Housing benefit and the local housing allowance
Produced in partnership with Kevin Gannon of Garden Court Chambers
Housing benefit and the local housing allowance

The following Local Government practice note produced in partnership with Kevin Gannon of Garden Court Chambers provides comprehensive and up to date legal information covering:

  • Housing benefit and the local housing allowance
  • What is housing benefit?
  • Eligibility for housing benefit
  • Rent restrictions
  • Calculation of housing benefit
  • The benefit cap
  • How housing benefit is paid
  • Period of absence
  • Backdating
  • Overpayments
  • More...

Housing benefit and the local housing allowance

What is housing benefit?

Housing benefit is a scheme provided to assist those on low incomes with paying their rent. It does not cover mortgage payments. It is administered by local authorities and can be claimed by those on social security benefits (eg job seekers allowance, employment and support allowance) as well as those in work.

The local housing allowance is the term for the maximum housing benefit for tenants in the private rented sector.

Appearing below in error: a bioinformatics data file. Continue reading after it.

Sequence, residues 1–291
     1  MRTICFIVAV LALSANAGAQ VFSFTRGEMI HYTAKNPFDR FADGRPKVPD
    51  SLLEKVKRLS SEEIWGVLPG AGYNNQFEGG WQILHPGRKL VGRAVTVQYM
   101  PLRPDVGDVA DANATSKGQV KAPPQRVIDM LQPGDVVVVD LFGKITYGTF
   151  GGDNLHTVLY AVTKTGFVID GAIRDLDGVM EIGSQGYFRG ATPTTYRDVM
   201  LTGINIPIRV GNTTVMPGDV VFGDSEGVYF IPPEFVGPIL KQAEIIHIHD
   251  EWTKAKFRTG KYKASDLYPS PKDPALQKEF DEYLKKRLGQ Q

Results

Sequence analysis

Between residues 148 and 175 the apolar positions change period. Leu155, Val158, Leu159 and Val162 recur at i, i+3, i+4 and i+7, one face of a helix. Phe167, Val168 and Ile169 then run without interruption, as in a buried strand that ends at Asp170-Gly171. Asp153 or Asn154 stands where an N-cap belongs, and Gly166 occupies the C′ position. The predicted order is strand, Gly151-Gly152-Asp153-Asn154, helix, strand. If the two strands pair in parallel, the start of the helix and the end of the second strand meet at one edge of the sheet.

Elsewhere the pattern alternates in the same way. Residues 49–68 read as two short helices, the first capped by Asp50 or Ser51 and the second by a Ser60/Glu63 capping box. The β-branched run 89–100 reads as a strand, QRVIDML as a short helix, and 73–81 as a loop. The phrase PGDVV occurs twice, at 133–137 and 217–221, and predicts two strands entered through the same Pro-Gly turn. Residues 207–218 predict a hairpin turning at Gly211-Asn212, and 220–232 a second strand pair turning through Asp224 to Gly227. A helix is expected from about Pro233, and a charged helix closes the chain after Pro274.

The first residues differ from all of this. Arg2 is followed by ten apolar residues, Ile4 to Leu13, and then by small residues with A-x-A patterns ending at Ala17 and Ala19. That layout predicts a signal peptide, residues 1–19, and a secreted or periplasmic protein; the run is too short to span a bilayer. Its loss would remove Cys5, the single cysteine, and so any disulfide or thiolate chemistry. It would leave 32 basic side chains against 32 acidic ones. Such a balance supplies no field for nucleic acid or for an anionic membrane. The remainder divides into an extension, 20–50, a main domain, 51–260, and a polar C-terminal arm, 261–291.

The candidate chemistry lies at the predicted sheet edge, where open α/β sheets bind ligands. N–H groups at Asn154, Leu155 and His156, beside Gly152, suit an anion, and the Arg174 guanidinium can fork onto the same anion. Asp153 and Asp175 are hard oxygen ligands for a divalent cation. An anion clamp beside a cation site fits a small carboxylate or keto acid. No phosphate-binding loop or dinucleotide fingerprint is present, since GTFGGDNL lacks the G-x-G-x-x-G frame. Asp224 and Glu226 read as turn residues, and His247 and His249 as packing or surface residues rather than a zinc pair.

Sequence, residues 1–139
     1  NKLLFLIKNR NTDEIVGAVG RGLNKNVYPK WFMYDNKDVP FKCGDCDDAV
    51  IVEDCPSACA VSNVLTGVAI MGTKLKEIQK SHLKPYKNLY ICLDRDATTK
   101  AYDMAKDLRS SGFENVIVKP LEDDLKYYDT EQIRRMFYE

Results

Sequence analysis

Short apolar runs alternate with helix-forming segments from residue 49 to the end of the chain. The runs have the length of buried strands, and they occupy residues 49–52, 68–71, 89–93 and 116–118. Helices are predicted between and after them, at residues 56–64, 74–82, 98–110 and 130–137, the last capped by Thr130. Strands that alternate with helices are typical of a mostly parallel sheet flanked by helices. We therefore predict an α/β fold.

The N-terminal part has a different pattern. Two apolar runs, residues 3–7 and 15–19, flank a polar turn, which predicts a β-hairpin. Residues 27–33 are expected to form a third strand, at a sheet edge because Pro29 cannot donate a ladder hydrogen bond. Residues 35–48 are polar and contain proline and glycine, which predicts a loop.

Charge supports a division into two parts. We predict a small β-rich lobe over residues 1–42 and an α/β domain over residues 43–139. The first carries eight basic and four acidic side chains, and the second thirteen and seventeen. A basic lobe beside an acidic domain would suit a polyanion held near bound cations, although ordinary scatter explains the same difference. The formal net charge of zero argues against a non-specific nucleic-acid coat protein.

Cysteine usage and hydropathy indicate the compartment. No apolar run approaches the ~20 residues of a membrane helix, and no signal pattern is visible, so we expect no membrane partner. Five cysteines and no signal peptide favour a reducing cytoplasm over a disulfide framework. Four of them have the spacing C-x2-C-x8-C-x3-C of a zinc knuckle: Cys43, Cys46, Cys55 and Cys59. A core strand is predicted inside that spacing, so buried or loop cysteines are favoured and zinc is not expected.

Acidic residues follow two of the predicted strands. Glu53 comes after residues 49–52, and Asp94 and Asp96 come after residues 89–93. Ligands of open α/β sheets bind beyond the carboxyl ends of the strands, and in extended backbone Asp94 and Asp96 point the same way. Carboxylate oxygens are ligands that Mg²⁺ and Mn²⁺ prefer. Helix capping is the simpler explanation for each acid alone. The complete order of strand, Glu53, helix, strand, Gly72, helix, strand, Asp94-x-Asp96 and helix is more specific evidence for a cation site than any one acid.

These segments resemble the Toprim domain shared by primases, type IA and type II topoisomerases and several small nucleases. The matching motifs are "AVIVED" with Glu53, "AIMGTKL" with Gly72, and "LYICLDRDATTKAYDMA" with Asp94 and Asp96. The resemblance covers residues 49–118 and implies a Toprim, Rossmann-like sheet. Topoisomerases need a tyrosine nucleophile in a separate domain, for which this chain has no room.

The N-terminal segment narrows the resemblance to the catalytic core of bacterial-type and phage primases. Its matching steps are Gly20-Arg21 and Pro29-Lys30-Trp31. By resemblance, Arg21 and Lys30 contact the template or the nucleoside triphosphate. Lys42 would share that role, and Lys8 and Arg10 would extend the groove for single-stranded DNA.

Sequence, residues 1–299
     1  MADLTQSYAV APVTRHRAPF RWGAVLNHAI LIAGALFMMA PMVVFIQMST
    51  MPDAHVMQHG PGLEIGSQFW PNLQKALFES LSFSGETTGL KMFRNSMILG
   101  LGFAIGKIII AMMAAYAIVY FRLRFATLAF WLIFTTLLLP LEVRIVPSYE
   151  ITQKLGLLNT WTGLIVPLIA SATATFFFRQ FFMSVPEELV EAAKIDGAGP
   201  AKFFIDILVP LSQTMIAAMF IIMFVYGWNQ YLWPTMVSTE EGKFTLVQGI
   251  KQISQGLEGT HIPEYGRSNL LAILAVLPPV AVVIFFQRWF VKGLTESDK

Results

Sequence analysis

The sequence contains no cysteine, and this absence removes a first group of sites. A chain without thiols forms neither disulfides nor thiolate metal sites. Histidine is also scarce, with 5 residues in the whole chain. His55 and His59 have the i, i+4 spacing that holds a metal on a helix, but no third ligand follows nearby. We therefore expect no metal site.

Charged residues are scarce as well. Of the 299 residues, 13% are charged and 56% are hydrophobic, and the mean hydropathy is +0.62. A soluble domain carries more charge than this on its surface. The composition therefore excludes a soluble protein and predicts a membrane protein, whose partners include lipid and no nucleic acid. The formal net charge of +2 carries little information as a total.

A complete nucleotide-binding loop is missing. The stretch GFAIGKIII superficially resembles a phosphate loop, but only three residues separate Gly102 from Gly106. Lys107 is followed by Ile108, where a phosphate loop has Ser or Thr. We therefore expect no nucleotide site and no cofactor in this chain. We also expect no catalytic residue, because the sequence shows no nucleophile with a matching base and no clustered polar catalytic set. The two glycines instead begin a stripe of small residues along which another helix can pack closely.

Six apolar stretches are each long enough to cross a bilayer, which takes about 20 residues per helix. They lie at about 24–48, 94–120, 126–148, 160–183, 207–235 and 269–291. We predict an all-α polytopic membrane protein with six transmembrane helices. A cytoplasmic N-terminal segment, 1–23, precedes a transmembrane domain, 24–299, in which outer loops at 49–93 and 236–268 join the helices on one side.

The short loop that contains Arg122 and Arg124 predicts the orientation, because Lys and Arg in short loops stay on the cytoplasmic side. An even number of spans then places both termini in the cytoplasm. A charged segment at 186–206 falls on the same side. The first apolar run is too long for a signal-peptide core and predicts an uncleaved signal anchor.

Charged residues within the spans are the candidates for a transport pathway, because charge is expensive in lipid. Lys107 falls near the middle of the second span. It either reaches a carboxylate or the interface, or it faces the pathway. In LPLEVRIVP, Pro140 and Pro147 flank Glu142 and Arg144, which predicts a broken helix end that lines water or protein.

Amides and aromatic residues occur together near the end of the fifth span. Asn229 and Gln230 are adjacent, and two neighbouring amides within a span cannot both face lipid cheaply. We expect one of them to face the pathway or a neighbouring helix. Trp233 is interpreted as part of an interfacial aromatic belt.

Eligibility for housing benefit

Eligibility for housing benefit is determined by reference to the amount of rent payable and a claimant’s level of income and capital (savings, property and investments). Housing benefit is payable to those who:

  1. pay rent

  2. are on a low income, and

  3. have capital below £16,000 (different rules apply to those aged over 65 and in receipt of pension credit or guarantee credit)

Personal circumstances will be relevant (including the age and number of dependants, ownership of other property and other income being received such as maintenance payments or certain benefits). Claims are made to the local authority in which the tenant resides.

Joint tenants can claim housing benefit on their portion of the rent.

Housing benefit is not usually payable if a person:

  1. is a ‘person subject to immigration control’

  2. does not have a ‘right to reside’

  3. is not ‘habitually resident’

  4. is a full-time student (in

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